×

The iPhone 7 just hit stores. Here's what people are saying.

Customers waiting in line look into Australia's flagship Apple store at a row of iPhone 7 on display in Sydney, September 16, 2016 as the iPhone 7 goes on sale for the first time.
Jason Reed | Reuters
Customers waiting in line look into Australia's flagship Apple store at a row of iPhone 7 on display in Sydney, September 16, 2016 as the iPhone 7 goes on sale for the first time.

The Apple iPhone 7 and 7 Plus hit retailers in many countries on Friday.

The iPhone's September launch has been known in the past for drawing lines of enthusiastic fans out the door, but this year's response has been more muted as online pre-orders wiped out initial quantities of the iPhone 7 Plus and the new jet black color of the smaller iPhone 7.

Fans in Hong Kong queued to be among the first in the world to get their hands on an iPhone 7. In keeping with tradition, Apple CEO Tim Cook appeared at Apple's Palo Alto store on Friday.

But instead of massive lines outside London's flagship Apple store in Covent Garden as seen in previous handset debuts, there were just a few people waiting on the sidelines.

Piper Jaffray analyst Gene Munster estimates that the iPhone 7 launch line at Apple's flagship 5th Avenue store in New York City was around 400 people, versus 650 for the iPhone 6s and 1,880 for the iPhone 6. But he believes that demand remains strong, according to a research note, since pre-order commentary was positive.

Sales of the mobile device are closely watched on Wall Street, seen as a bellwether for the performance of the world's most valuable company. Shares of Apple were down 1 percent on Friday, but were still on track for their best week since 2011.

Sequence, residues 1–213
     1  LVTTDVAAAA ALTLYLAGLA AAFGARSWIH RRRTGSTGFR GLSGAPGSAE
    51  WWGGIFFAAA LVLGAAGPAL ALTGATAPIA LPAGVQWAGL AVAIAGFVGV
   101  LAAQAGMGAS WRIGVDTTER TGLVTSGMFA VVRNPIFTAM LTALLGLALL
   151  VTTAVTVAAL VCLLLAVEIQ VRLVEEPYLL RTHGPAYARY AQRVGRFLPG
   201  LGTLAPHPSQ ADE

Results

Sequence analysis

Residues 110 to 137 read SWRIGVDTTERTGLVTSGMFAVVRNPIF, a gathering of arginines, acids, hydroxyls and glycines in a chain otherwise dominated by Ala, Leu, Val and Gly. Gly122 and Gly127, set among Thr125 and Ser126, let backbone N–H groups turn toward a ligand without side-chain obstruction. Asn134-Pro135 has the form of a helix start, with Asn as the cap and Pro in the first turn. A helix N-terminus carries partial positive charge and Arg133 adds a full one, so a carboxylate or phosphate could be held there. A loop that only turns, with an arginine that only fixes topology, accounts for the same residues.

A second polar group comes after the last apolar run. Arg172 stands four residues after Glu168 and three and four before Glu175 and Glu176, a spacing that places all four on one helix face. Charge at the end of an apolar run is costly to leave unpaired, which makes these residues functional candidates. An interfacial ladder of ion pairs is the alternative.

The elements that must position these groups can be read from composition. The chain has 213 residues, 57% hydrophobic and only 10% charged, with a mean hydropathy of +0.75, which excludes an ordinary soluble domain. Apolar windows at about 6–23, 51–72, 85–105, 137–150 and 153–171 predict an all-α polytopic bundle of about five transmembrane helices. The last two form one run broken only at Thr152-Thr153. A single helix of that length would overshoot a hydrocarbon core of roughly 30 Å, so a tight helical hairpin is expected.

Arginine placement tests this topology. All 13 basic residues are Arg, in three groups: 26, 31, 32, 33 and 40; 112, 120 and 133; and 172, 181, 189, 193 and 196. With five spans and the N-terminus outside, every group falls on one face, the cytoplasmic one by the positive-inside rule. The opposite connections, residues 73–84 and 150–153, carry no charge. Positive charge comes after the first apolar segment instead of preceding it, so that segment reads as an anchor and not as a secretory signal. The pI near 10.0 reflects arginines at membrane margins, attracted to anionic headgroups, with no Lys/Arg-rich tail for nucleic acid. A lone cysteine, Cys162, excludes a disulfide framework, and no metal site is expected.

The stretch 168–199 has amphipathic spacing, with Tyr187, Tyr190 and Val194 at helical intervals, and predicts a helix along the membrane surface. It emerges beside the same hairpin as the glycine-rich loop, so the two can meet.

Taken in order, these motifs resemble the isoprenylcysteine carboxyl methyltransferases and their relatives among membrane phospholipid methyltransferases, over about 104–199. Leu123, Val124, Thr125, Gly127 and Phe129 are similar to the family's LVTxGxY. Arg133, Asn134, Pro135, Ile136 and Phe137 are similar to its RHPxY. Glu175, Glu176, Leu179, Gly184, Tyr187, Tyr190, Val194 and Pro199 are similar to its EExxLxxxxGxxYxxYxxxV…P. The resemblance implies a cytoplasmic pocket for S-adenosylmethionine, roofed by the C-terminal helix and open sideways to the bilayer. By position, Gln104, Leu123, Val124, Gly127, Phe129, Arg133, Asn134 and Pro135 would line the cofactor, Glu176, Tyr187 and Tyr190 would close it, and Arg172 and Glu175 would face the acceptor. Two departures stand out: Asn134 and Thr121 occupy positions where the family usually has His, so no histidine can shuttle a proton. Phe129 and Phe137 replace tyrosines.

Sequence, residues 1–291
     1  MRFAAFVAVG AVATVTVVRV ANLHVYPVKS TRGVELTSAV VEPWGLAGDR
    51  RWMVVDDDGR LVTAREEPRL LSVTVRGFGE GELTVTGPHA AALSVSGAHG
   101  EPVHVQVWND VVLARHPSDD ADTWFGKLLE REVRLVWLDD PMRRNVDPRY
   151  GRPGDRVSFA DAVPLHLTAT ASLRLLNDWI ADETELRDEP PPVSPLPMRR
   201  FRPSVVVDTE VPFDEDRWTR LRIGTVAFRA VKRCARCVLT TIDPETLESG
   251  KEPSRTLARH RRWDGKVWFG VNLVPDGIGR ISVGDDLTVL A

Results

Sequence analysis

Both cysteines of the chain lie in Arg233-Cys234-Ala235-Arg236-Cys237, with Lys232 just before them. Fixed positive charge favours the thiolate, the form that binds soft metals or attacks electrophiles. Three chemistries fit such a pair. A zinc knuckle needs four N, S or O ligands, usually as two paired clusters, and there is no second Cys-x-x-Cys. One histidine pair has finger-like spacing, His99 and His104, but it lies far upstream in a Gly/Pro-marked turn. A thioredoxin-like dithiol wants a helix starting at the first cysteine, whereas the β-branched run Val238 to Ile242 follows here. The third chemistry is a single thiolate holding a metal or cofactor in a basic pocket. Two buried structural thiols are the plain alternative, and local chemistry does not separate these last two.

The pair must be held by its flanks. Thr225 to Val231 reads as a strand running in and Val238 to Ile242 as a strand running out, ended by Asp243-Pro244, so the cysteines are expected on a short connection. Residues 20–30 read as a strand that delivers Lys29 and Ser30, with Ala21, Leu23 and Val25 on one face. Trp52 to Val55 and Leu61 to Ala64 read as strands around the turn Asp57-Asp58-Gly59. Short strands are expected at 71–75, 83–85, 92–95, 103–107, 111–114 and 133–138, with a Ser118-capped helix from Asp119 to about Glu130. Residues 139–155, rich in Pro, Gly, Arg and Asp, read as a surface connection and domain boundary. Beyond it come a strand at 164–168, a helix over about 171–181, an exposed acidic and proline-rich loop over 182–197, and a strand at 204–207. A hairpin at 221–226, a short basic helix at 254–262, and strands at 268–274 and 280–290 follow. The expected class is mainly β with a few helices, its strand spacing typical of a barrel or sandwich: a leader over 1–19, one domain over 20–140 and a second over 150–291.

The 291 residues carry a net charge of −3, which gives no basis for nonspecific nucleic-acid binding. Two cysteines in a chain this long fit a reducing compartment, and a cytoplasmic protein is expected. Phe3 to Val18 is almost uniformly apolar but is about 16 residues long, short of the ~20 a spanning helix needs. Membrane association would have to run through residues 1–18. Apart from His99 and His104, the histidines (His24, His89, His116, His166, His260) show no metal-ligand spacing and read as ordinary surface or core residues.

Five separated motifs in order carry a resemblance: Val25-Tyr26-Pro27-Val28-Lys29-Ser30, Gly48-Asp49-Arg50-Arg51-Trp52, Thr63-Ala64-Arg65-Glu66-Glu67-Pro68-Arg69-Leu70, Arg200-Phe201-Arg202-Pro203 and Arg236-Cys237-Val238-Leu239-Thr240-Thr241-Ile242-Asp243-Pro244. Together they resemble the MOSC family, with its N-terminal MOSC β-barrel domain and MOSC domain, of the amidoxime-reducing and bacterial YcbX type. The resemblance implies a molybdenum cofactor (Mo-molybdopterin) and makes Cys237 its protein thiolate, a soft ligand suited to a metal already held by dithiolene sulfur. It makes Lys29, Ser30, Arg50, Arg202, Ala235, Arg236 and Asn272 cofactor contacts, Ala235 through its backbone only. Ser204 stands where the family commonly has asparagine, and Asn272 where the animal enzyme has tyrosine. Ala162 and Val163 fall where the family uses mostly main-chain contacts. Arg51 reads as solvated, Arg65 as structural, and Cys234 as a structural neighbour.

IPhone sales also important part of the holiday season for retailers: Before the launch of the iPhone 7, retailer Target posted a double-digit same-store sales decline in electronics during the second quarter, including a "significant drag" due to a 20 percent slide in sales of Apple products.

Industry watchers have given the new handset reviews that are solid, but not earth-shattering. Still, Bernstein analyst Toni Sacconaghi said that the pool of existing iPhone users is about 50 percent higher than two years ago, which could raise iPhone sales to consumers in need of an upgrade, regardless of the 7's specs.

"Really with the Samsung recall, the carriers have one new premium-tier phone, and they've been very aggressive with the subsidies. It's really surprised us," Mike Walkley, Canaccord Genuity analyst, told CNBC's "Squawk on the Street" on Friday. "So basically, as a U.S. consumer, if you've paid off your iPhone 6 through your installment plans, you'r basically going to get the iPhone 7 for free."